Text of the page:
ANALYSIS

Few stars in the bleak venture capital universe

For venture capital investors, the days of receiving 100-plus per cent internal rates of returns (IRRs) from a broad sweep of managers are gone. But this doesn’t mean investors should give up searching for the few remaining outperformers.

During the dotcom fervour of the late 1990s, the boundary marking top-quartile IRRs soared beyond 70 per cent in 1997, and then fell sharply to about 6 per cent in 1999. Since then, returns from managers across the industry “have struggled to recover”, writes research house Preqin in its special report, The Venture Capital Industry.

According to Preqin, which tracks the performance of 70 per cent of venture capital funds, 52 per cent of managers posted IRRs of 20 per cent or more in 1997, the industry’s golden year. Since then, less than 5 per cent of 1999 and 2000 vintage funds have returned 20 per cent or more, and the median manager has been in the red.

But a small segment of managers have been able to generated IRRs of 20 per cent or more, Preqin finds.

This proportion of outperformers fluctuates. In 2000, 3.9 per cent of venture managers achieved 20 per cent-plus IRRs; in 2005, the number was 19.6 per cent; and in 2007, it was 8.7 per cent.

“Overall industry performance may be disappointing, but there are also many success stories, growth areas and an elite group of firms,” the researcher states.

These top managers have achieved solid returns since the dotcom heyday. According to Preqin, 70 per cent of firms posting top-quartile returns go on to outperform the median manager in subsequent funds. And investors and consultants know who they are: these managers have “raised new vehicles in relatively quick time, even in the current financial climate”.

For investors, a truism in the alternatives space – that manager selection is critical – certainly applies. In 1998, when the median manager posted a 12.6 per cent IRR, the standard deviation among IRRs was 74.7 per cent. And even though IRRs have dropped since then, the gulf between median and top-quartile performance has persisted: in 2007, when the median manager’s return was zero, the standard deviation among IRRs was 25.2 per cent.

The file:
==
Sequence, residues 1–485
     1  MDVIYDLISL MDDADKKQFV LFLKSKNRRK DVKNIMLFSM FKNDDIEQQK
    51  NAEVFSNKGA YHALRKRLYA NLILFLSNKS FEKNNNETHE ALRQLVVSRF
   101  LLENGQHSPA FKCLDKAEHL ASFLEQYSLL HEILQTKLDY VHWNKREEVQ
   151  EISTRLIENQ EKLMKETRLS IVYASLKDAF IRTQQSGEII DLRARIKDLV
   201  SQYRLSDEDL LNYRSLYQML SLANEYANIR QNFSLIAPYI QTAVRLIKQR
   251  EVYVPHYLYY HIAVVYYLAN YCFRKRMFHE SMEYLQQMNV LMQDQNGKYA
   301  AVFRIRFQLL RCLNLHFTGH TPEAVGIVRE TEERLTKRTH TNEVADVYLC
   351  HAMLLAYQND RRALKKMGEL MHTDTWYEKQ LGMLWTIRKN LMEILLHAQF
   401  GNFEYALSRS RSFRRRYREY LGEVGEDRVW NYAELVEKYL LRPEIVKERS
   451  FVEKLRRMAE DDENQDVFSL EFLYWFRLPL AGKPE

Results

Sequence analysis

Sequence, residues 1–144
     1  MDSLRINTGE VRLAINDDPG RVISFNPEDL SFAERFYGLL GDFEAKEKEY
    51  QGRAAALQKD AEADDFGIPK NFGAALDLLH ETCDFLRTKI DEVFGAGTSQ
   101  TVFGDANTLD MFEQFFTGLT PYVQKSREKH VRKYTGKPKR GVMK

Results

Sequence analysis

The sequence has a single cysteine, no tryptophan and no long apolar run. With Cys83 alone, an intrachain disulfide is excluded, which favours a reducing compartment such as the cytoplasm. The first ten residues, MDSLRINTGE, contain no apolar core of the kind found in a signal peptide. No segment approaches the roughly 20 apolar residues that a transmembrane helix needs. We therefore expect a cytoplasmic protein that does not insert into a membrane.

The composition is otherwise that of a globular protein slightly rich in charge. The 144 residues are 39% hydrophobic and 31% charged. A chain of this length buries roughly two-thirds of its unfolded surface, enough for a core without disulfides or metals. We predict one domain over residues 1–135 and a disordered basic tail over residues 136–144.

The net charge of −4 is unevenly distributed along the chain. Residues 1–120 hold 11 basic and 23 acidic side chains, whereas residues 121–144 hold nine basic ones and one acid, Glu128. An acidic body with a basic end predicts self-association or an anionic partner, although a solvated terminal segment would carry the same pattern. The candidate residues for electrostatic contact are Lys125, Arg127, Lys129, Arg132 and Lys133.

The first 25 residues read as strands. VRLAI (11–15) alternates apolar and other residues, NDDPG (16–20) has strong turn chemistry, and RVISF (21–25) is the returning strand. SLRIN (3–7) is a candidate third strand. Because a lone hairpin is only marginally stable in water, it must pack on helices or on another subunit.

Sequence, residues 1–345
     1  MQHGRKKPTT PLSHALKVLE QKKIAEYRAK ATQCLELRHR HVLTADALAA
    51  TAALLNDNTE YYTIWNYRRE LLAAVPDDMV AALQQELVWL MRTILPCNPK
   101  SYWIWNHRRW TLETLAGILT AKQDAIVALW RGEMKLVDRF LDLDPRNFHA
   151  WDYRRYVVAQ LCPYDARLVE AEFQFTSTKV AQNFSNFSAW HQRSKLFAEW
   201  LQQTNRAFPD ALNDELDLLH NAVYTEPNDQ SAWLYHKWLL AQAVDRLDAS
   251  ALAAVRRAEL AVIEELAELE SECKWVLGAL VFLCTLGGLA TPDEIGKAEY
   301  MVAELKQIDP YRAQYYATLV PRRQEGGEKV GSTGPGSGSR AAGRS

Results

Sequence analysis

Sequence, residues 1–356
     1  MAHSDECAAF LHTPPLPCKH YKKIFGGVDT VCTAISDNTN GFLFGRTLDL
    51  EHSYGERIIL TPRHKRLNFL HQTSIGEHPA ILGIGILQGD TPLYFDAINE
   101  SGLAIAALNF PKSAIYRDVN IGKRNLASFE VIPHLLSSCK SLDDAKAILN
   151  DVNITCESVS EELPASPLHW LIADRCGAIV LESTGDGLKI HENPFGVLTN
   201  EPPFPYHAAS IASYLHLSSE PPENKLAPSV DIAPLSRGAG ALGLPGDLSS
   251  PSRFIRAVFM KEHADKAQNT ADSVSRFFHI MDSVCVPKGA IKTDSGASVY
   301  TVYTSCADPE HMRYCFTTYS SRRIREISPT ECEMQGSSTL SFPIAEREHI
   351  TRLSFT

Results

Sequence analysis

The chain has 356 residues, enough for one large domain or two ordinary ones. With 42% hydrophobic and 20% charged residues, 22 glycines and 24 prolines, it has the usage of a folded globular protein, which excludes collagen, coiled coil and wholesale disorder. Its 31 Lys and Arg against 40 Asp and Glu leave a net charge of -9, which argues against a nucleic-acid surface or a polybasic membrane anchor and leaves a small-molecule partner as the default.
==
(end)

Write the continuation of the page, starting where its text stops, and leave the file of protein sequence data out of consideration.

Amid this variance in returns, some managers have shut shop. The venture universe expanded rapidly from 1996, when it was populated by fewer than 400 managers, to number 1790 in 2009. But since 2000, a number of firms have failed to raise a fund and are now considered inactive, eventually resulting in a drop-off in the number of managers in Preqin’s database, which now numbers about1700.

Venture capital has been backed by some big pension funds, primarily in the US, UK and Europe. The $205 billion CalPERS allocates 16 per cent of its $30 billion private equity portfolio to the sector, and the $13 billion Alaska Retirement Management Board puts 27 per cent of its $1 billion private equity holdings in venture. Among the 2,100 venture investors tracked by Preqin, pension and fund-of-funds investors are the biggest supporters of the sector, each accounting for 12 per cent of funds committed globally.

In recent years, investors’ attitudes to the industry have been mixed: “Some claim that the venture capital model is broken, while others believe that an evolution is required if the industry is to improve upon the overall performance experienced in the past 10 years,” Preqin writes.

Some investors think that lower start-up costs for businesses, enabled by technology, are at odds with the investment model pursued by larger funds, which are hunting for bigger minimum investments. And as firms compete for these deals, they risk bidding up deal prices and undermining future returns.

This has spurred on smaller funds, which are supplied with more private capital than institutional commitments, to exploit this mismatch and snap up smaller deals.

In the past five years, investors have continued to favour IT deals, a tradition stemming from the industry’s long association with technology-based industries – “due to their innovative nature and the potential rates of return from disruptive technology”. Health care companies have also gained attention, with 35 per cent of venture funds aiming to include health care in their portfolios.

Interestingly, venture funds in Asia are sourcing much of their capital domestically. In China, the US$900 million Suzhou Ventures Group, a fund-of-funds focused soley on domestic venture managers pursuing opportunities in the start-up and early-stage growth phases, is fundraising for its next vehicle, which will concentrate on the IT, bio-medicine, energy and environmental protection industries.